Realising that a profit from livestock farming is becoming more challenging, predominantly due to escalating input costs, Glamorgan NFU Cymru members attended an on farm meeting to explore ways of reducing their feed costs by investing more in their soils and grassland.
Charlie Morgan, an independent grassland consultant said, “The biggest savings we can make is by looking at our costs of production. With many farmers concerned about the current beef price situation in particular, now is a good time to looking more at effective grassland management as a way of reducing fertiliser bills and compound feed costs.”
Members present took part in a farm tour of Mynachdy farm, near Ynysybwl, which runs from 750ft to 1150ft, to examine methods of reducing production costs, the implications of good versus poor soil management and the use of improved grasses and clovers to reduce the reliance upon artificial fertiliser usage.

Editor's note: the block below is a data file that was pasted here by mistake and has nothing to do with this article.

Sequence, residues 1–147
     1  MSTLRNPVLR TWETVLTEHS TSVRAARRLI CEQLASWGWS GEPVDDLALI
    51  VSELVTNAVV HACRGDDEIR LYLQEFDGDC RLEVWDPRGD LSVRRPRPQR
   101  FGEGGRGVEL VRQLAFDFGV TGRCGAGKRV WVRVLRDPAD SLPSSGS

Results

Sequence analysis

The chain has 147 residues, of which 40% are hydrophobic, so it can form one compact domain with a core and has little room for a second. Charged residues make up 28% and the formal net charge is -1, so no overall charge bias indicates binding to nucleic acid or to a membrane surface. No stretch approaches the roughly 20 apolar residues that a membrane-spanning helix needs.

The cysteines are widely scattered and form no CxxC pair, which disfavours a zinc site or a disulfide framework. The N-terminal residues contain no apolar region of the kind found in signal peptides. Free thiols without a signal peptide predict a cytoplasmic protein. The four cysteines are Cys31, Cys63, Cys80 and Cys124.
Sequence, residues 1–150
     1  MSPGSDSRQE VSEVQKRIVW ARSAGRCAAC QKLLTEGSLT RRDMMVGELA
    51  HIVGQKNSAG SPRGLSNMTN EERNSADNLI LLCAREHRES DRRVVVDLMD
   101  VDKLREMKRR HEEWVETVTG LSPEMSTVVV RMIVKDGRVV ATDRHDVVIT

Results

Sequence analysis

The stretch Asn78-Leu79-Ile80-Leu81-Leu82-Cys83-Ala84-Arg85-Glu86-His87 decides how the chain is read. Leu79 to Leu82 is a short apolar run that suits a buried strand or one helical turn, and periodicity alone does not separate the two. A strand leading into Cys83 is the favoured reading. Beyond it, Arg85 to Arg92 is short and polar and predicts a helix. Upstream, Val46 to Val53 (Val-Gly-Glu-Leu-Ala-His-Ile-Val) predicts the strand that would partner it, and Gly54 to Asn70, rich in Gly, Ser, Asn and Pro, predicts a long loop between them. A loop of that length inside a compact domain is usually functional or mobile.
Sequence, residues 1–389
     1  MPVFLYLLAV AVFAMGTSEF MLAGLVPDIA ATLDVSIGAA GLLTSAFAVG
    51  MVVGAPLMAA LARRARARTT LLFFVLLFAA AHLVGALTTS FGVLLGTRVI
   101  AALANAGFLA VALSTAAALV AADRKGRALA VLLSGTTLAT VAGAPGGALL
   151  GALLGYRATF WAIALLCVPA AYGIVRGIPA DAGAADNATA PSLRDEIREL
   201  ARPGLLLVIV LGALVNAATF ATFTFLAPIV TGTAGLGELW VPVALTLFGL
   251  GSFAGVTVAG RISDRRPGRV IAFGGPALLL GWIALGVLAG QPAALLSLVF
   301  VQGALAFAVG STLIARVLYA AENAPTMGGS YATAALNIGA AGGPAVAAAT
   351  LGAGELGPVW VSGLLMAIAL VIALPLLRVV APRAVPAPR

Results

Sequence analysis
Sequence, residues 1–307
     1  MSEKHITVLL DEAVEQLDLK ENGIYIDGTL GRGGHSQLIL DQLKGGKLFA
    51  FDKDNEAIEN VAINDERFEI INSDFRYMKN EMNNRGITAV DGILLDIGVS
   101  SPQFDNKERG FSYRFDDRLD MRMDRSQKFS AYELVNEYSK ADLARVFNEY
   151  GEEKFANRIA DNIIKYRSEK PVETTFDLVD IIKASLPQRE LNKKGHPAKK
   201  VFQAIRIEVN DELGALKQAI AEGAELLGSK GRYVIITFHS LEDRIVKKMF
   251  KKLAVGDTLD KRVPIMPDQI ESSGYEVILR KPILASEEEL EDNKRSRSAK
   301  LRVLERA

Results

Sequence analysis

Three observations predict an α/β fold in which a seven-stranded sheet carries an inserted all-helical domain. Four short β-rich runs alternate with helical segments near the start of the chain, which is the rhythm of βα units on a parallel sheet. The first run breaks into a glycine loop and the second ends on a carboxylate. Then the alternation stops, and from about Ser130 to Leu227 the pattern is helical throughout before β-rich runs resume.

Charlie Morgan, explained to members the importance of good soil management and the benefits of using the correct seed mixtures, which are the key components to increasing feed quality and extending the grazing season.
He said, “Some Welsh farms have the opportunity to treble grassland production per hectare by managing soils, nutrients, grass varieties and grazing systems better. Choosing the right
grass leys is crucial and the timing of any grassland work being carried out is also an important factor when trying to make improvements to maximise the benefits of your soils and grasses.”
Abi Reader, Glamorgan NFU Cymru County Chairman said, “The visit has provided farmers with an opportunity to review their own production systems and offered practical solutions to improving output/hectare by investing in new grass leys rather than having to rely on fertiliser and compound feeds. We all need to be looking at where we can cut costs and I certainly think there is benefit in soil testing as a starting point, to ensure that we are efficient in our fertiliser usage and allow us to identify areas for improvements in grass leys to made resulting in longer term gains.”